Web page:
David Vitter, who became chairman last month when the Republican Party took control of the Senate, is the front-runner in this year’s race for Louisiana governor. His strategy? Work on small business issues when he’s in Washington, and focus on Louisiana during weekends and congressional recesses. He’s not worried. It’s a routine he says he’s followed for years.

  • Developers present design for Giesche Shoes site Feb 12, 2015 5:10 PM
    Developers say their plans for the former Giesche Shoes site in Glen Ellyn will blend with the architecture of downtown, but some residents and officials still have concerns. Here's what the debate is all about ....

  • Health-conscious firms develop hub in Arlington Hts. Feb 12, 2015 10:19 PM
    A community of health-conscious businesses is growing and supporting one another in downtown Arlington Heights. With Pure Juice Cafe, Pulsation Yoga and Rush Performance all in the same shopping center off Evergreen Avenue, owners said they have become something of a hub for healthy customers in the area.

  • Country House restaurant opens in Lisle Feb 12, 2015 10:35 AM
    Country House Restaurants, known for their burgers, announced it opened its new Lisle location at 2799 Maple Ave. in College Square Mall. The new eatery will keep the same rustic tavern look and feel of the other restaurants in Geneva and Clarendon Hill.

  • Constable: Hard to build Valentine for guys Feb 12, 2015 12:13 PM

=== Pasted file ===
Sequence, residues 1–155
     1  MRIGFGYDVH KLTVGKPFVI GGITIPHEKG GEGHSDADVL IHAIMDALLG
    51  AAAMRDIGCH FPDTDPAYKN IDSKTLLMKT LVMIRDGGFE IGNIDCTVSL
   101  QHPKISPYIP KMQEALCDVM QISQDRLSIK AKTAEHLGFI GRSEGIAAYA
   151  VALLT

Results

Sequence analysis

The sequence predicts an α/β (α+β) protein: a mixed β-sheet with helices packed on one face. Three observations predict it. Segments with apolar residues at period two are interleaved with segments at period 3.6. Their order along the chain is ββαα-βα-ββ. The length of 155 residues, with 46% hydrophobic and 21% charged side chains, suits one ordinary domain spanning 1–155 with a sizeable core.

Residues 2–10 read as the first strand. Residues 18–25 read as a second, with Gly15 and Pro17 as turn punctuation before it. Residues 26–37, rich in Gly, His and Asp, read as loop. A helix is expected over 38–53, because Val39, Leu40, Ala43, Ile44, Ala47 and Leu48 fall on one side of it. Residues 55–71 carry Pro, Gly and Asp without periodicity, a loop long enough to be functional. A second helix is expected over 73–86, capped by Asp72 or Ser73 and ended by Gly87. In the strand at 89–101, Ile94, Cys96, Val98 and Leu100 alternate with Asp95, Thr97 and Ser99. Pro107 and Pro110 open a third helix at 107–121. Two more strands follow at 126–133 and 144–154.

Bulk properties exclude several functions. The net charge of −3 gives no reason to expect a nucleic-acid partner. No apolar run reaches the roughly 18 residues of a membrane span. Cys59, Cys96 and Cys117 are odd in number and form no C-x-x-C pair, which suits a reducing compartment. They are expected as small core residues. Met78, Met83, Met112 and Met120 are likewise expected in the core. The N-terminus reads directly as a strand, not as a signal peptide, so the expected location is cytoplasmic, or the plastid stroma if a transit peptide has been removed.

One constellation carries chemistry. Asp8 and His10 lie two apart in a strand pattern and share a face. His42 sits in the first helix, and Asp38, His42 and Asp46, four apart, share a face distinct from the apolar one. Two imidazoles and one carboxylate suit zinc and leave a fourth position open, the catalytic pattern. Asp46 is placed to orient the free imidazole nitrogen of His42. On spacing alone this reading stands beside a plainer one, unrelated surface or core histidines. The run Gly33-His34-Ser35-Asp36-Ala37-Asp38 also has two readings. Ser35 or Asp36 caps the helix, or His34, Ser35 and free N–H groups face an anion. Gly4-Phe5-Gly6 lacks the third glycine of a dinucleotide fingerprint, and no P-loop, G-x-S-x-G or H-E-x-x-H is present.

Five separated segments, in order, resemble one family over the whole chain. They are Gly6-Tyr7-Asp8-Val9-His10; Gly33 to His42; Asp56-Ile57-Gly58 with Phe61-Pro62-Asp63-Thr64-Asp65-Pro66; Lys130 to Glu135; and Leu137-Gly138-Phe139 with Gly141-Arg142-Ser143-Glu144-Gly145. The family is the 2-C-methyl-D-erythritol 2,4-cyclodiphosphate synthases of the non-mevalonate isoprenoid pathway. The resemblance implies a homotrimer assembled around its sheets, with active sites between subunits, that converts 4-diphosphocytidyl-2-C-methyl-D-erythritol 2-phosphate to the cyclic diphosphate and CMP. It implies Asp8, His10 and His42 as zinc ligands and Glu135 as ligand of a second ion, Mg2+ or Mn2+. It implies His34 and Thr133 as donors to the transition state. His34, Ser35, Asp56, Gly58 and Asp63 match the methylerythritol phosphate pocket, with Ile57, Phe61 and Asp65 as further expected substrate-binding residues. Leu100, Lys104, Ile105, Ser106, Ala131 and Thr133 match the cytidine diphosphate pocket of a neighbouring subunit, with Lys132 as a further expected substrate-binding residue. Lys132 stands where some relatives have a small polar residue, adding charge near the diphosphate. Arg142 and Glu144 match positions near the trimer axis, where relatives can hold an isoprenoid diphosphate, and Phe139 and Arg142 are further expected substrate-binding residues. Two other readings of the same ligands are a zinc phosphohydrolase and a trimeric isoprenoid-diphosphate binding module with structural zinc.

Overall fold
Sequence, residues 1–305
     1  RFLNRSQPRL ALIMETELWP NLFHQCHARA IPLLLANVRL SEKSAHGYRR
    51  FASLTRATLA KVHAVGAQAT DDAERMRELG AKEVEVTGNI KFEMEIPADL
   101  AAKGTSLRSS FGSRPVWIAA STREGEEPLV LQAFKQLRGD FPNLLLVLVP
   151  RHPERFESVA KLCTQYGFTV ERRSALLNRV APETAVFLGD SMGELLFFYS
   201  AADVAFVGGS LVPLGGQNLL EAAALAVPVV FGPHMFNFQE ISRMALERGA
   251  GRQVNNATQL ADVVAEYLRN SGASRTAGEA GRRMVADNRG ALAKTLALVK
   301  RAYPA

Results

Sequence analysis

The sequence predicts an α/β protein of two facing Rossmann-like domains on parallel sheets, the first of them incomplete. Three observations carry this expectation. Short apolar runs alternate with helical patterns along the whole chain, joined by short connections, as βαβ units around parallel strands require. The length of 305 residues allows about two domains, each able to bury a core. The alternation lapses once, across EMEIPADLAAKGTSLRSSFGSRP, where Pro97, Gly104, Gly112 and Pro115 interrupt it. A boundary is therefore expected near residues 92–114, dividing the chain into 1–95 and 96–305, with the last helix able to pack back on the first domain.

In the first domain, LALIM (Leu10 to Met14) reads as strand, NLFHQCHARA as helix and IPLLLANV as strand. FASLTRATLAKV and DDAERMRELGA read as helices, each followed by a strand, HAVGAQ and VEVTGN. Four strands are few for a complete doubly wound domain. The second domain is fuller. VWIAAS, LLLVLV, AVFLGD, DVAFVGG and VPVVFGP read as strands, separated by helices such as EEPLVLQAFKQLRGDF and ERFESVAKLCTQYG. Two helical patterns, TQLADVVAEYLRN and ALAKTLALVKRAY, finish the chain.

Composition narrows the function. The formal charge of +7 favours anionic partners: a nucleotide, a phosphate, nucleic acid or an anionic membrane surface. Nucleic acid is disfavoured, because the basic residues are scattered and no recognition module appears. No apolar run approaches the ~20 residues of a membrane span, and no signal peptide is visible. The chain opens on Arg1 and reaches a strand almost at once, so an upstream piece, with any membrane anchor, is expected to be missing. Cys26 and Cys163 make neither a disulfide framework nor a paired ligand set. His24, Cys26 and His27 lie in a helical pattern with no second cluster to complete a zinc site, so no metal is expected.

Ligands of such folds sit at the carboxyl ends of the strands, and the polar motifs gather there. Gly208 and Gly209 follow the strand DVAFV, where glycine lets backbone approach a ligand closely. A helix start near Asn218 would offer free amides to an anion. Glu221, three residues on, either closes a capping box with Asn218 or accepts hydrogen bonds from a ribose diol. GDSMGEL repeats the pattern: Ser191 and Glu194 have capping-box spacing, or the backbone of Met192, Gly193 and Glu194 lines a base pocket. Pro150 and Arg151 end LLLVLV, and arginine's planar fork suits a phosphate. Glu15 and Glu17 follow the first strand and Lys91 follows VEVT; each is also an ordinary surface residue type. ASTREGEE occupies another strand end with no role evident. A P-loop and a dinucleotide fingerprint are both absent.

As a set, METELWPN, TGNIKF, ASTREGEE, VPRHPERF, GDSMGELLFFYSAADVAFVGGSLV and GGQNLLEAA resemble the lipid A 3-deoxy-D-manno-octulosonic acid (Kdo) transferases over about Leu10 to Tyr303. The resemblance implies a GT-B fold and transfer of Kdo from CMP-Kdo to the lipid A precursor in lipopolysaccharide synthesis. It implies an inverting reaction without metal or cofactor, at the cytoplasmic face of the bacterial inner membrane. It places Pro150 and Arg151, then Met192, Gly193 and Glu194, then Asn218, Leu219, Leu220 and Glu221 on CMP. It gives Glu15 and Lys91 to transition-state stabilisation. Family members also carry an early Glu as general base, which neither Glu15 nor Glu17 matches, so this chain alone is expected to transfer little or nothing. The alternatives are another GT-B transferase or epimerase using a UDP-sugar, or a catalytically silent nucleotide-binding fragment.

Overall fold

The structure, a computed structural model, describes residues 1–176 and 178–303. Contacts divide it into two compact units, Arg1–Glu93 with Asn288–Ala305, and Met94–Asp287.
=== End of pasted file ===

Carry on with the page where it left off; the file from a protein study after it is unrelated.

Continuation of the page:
Valentine's Day is such a "women's holiday," with ads aimed at male shoppers and storefronts dedicated to "gifts for her." But Berland's House of Tools offers a bit of perspective.

  • Sign says it all -- Big Ange's finally close to opening in Arlington Heights Feb 13, 2015 8:50 AM
    A new hot dog restaurant planned for the former Jimmy's Place in Arlington Heights may finally be close to opening nearly two years after getting initial approval from the village.

  • Palatine leaders seeing signs of business recovery Feb 10, 2015 7:19 PM
    Palatine business and village leaders said there are signs of recovery among businesses in Palatine, despite several large sites that remain unused. Mayor Jim Schwantz said there have been talks about new businesses going into those locations. “I’m excited about the things on the horizon,” Schwantz said. “But I’ve been excited before and things haven’t happened.”

  • Schaumburg business leaders learn how laughter boosts the bottom line Feb 10, 2015 5:49 PM
    Schaumburg business leaders got a lesson in levity on Tuesday morning from Joe Keefe, founder of Second City Communications. Keefe, who was recently hired as the new executive director at Metropolis Performing Arts Centre in Arlington Heights, was the speaker at this month’s Schaumburg Business Association breakfast.

  • Path from owner to franchisor has many steps Feb 9, 2015 7:22 AM